Kerr, Sari Pekkala, William R. Kerr, and Ramana Nanda. "House Money and Entrepreneurship." Harvard Business School Working Paper, No. 15-069, February 2015. View Details
  5. Entrepreneurship and the Cost of Experimentation

    Michael Ewens, Ramana Nanda and Matthew Rhodes-Kropf

    We study how technological change impacts the nature of venture-capital backed entrepreneurship in the US, through its effect on the falling cost of experimentation for startup firms. Using a theoretical model and rich data, we are able to both document and provide a framework for understanding the increased prevalence of investors who "spray and pray" - investing a little money in several startups run by teams of young and unproven entrepreneurs, with a lower probability of following-on their investments. Consistent with the model, we find that these patterns to be strongest in industry segments where technological change has led the cost of starting a business to fall most sharply in recent years.

    Keywords: innovation; venture capital; Investing; abandonment option; failure tolerance; Technological Innovation; Venture Capital; Entrepreneurship; Investment;


    Ewens, Michael, Ramana Nanda, and Matthew Rhodes-Kropf. "Entrepreneurship and the Cost of Experimentation." Harvard Business School Working Paper, No. 15-070, February 2015. (Revised March 2015.) View Details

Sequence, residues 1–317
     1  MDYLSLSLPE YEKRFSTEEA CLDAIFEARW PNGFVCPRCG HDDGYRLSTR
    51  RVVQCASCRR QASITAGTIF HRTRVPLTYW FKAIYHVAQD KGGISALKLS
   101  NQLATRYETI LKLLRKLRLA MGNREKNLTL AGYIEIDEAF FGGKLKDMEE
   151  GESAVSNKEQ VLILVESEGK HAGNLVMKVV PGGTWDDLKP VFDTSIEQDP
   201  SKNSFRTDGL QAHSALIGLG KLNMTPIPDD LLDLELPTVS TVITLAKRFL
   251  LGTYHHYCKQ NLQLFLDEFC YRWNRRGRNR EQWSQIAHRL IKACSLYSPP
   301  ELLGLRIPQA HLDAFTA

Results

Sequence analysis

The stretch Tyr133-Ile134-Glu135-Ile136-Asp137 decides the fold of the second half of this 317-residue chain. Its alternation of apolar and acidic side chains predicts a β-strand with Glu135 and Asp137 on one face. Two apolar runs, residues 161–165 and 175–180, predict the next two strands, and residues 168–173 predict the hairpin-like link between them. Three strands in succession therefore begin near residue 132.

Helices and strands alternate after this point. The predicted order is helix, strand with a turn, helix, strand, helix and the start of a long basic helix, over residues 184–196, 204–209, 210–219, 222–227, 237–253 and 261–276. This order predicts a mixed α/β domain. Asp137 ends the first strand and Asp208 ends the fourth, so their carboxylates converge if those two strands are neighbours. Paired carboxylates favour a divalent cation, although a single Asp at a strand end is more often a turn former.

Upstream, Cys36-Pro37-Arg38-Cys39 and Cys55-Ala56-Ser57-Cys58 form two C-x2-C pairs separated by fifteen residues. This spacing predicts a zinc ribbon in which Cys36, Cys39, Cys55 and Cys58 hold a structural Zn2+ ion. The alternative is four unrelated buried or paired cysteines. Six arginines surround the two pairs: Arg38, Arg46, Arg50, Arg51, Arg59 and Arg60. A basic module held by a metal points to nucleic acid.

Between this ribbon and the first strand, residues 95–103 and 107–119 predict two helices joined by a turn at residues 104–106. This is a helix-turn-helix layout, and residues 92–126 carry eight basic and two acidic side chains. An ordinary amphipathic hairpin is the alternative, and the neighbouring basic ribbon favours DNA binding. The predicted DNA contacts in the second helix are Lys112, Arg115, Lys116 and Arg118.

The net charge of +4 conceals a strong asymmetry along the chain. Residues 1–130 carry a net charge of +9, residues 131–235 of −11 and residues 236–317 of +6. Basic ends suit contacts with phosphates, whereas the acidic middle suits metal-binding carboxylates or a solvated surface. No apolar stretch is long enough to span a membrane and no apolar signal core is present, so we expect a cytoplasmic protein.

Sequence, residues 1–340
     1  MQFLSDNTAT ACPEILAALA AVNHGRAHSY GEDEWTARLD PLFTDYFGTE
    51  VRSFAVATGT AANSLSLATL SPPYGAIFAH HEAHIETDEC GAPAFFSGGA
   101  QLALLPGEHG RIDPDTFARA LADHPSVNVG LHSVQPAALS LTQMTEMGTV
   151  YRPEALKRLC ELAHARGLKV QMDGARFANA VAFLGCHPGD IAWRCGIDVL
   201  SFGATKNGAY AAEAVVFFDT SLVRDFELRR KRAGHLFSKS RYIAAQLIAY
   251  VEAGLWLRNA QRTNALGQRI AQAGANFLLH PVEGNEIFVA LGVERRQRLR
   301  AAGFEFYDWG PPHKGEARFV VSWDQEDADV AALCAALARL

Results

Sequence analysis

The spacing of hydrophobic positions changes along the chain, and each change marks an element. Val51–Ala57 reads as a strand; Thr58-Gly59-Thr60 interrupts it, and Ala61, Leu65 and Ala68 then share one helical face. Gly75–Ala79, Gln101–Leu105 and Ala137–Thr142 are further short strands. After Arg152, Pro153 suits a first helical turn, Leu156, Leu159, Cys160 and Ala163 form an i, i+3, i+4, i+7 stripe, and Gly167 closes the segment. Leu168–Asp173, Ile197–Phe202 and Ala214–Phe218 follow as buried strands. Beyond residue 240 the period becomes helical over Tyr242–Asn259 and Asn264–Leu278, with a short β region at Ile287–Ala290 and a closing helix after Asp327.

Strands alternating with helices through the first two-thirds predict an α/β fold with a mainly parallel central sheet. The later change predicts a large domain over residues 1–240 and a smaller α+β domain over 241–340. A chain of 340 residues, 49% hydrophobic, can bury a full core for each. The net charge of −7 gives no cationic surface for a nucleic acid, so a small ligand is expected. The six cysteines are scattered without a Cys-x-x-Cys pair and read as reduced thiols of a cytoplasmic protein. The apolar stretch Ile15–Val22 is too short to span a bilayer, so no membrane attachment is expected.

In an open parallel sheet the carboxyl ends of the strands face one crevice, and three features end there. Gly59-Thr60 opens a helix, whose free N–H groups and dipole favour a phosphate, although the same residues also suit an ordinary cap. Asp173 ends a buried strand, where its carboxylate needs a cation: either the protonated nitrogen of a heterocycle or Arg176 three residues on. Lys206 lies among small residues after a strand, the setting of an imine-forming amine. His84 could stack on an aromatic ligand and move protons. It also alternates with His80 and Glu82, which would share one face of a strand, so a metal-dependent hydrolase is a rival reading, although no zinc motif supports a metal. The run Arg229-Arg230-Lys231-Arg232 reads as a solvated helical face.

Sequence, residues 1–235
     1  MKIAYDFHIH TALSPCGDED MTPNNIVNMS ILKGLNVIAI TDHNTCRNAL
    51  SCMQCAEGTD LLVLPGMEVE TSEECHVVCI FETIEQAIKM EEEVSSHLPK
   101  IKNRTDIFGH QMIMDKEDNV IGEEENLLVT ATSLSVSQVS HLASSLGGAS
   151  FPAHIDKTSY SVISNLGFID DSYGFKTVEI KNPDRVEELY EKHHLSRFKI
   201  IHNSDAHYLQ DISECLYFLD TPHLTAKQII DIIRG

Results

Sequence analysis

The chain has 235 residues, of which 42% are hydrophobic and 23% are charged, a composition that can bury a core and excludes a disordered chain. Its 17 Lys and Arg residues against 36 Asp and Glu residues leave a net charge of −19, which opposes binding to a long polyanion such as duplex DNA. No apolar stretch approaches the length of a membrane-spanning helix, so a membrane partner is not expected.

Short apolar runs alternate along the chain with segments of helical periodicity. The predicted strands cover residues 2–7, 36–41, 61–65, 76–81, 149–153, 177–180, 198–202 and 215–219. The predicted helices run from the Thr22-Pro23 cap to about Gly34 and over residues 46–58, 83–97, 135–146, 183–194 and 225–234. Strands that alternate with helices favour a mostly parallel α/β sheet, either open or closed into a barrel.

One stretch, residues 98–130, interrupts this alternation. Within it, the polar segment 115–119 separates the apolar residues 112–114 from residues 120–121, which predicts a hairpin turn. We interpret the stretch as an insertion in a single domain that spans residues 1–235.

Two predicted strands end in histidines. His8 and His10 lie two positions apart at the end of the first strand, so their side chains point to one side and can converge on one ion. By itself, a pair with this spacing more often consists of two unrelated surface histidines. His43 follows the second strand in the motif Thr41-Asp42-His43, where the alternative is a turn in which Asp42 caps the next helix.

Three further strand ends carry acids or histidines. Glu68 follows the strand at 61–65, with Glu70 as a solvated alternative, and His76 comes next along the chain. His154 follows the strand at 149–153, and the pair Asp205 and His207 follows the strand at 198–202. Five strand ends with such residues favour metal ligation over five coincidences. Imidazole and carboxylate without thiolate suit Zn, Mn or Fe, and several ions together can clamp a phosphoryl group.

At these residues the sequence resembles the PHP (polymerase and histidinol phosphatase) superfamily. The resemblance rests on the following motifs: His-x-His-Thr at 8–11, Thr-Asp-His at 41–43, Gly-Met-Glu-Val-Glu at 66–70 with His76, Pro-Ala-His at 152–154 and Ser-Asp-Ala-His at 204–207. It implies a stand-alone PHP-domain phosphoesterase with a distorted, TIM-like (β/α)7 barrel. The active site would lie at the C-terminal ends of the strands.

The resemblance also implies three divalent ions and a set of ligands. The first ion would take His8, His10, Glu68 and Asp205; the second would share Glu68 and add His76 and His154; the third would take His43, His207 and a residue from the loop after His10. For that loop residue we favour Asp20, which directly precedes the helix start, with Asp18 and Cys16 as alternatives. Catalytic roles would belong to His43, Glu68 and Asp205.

6. Hövding: The Airbag for Cyclists

    Joseph B. Fuller and Emilie Billaud

    In 2012, Anna Haupt and Terese Alstin, co­founders of the Hövding company, reflect on the evolution of their venture and the way forward. Since 2005, Haupt and Alstin had been working on a new type of bicycle helmet—an "airbag for cyclists". What had begun as a thesis had grown into a seven-year journey of research and development, including raising over $5 million of venture capital. The product had been granted Europe's CE certification in 2011 and had been launched simultaneously in Sweden and Norway. Yet, a year later, the company had still not reached the break­even point. To help them establish a commercialization strategy, the Hövding board had prevailed upon the founders to hire a professional CEO. But surrendering management control was an emotional process for Haupt and Alstin, while the CEO struggled to assert his leadership and build the company's commercial capabilities. Should Haupt and Alstin collaborate with their CEO despite their misgivings or should they step away from the company they had dedicated seven years to building?

    Keywords: Business Startups; Entrepreneurship; Transition; Leadership; Conflict Management; Bicycle Industry; Sweden; Europe;